3 simple changes that will make your website outstanding
Think about your website. Is it unique? Does it offer all the information your customers need to know?
Because the consumer experience now extends beyond the brick-and-mortar store, these are things you need to closely consider. The world is in full digital mode, and the importance of a solid website is only going to increase from here.
While things like blogs, style quizzes, videos and games on your website can help keep customers engaged with your brand longer, here are three simple things you can do to drive more engagement:
1. Give it a personality. Think about websites you visit. Does anything about them stand out? I personally I think it’s great when brands have a funny or entertaining 404 error page, like this awkward one from artist Steve Lambert or this space invaders-themed one from hosting company Kualo. This adds a little humanity and humor to your website at a time when most people would get frustrated with the page not working.
But it’s not just the error page you can have fun with. Write witty descriptions, make your headers stand out and add pizzazz throughout your website in any way that makes sense for your brand. This will also make you more appealing to consumers because it will help them connect with your brand.
See related post: How one study can help you plan your social media strategy
2. Make it easy to use, practical and helpful. Don’t skimp on the “About Us” and “Contact” sections of your website. This is a personal pet peeve, but know that it also matters to your audience. People visiting your website want to know who you are and what your brand’s mission and purpose is. But you can also mix things up a little bit. What do you think users will like better: a short “About Us” section with two paragraphs, or a company timeline with pictures and fun blurbs?
Take Jerome’s Furniture’s website, for example. Its “About Us” section is split into several parts. The company’s values and principles are at the top, then there’s a section about why they’re unlike other furniture stores, another small section about their people-first approach and a timeline outlining how the family business began and grew.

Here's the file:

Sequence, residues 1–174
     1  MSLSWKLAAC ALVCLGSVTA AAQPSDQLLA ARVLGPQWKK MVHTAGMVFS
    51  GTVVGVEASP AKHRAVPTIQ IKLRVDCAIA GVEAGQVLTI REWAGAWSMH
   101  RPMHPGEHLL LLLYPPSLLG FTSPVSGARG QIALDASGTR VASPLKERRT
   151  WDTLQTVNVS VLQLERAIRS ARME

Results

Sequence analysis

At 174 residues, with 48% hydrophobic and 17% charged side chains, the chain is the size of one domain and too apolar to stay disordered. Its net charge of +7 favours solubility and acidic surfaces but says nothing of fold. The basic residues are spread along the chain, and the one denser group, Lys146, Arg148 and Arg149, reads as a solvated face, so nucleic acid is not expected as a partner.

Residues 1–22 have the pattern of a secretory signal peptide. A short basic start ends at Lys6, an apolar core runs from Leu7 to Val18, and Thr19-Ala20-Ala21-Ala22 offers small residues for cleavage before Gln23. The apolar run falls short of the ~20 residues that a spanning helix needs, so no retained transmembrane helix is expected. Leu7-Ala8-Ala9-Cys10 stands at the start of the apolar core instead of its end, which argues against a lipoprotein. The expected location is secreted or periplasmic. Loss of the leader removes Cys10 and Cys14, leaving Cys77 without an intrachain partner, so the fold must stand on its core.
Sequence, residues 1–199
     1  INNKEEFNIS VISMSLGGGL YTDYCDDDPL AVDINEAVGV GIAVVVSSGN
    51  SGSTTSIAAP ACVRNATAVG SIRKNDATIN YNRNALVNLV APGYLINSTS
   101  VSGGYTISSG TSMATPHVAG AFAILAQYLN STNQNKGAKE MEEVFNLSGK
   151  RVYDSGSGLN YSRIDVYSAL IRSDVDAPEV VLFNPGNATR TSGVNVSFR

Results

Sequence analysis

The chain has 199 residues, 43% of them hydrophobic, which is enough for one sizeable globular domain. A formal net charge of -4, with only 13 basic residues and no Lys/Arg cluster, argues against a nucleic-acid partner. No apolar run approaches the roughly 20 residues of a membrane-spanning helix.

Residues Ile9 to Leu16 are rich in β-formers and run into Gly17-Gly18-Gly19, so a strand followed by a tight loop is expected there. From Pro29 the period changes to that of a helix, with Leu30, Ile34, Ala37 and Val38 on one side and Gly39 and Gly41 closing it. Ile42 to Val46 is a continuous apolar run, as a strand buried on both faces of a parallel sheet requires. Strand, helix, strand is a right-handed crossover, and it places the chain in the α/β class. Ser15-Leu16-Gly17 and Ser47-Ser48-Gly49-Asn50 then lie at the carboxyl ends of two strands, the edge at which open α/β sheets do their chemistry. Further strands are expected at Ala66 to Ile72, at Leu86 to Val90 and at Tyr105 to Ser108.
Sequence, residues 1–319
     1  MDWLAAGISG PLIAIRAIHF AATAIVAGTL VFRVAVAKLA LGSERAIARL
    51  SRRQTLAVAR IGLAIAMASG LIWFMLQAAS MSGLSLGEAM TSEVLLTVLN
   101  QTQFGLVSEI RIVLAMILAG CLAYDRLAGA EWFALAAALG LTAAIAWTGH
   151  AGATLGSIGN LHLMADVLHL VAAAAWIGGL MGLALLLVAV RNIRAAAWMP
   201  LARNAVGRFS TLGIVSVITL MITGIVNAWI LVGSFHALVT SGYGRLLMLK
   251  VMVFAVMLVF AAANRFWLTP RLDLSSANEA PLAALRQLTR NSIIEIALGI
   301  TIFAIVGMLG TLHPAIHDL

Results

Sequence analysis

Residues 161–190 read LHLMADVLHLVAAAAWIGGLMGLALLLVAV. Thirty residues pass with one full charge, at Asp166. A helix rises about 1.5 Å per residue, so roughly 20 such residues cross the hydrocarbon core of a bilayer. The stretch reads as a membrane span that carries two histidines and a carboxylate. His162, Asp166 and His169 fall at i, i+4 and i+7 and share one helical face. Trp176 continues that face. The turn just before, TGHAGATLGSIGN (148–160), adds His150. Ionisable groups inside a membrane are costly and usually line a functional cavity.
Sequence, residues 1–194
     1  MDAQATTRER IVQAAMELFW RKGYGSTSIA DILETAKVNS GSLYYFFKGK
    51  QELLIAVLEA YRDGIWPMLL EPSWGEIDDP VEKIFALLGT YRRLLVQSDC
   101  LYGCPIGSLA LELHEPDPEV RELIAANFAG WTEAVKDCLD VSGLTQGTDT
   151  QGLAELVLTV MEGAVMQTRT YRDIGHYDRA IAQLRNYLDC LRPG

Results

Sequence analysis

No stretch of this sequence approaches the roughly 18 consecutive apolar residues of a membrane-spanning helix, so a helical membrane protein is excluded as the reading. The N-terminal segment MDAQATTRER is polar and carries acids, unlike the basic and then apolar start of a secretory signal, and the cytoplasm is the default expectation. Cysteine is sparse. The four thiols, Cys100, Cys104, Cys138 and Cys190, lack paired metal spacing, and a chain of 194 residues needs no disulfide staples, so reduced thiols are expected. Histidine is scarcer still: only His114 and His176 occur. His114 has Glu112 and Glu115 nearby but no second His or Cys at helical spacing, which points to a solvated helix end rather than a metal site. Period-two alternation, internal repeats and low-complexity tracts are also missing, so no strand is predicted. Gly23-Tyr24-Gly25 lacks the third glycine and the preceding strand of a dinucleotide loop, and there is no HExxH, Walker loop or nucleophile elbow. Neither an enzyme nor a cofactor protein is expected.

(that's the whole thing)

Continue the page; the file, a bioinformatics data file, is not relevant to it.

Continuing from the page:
As for “contact” sections, I don’t understand why companies think it’s okay to not have one. You do want people to contact you, so make this section easy to find, understand and use. You can put whatever you feel is best on the actual page—just make sure it’s helpful and easily accessible.
3. Be different. The problem isn't that all furniture website look the same, it's that they are all offering the same content as everyone else. Jason Solarek, CEO of Bridge, a website solutions company, points out that every Facebook account looks the same, yet it has 25% of the world's traffic. "Shoppers love having consistent navigation and layout," he says. "The problem is the same content on these sites, not the actual look."
He also warns of mistaking an e-commerce website for entertainment. "For most stores, websites are tools," he says. "Their primary purpose is get an action done. i.e. to buy an item quickly, search quickly. etc. Most e-commerce websites are 'hammers.' They are not entertainment. When stores start to confuse their site for some entertainment site, they quickly make navigation confusing, waste money on needless things and overall make the shoppers suffer. The best thing a store can do online is make their site easy to navigate—even if that means having it be the same as their neighbor’s site. Function trumps form online."
Like your store, your website should be more than a place to shop for products. It should be a place where consumers truly find the information they are looking for. Get creative but keep things simple and it will pay off.
What do you do to make your website stand out? I want to hear from you! Comment below or reach out at Amilstein@casualliving.com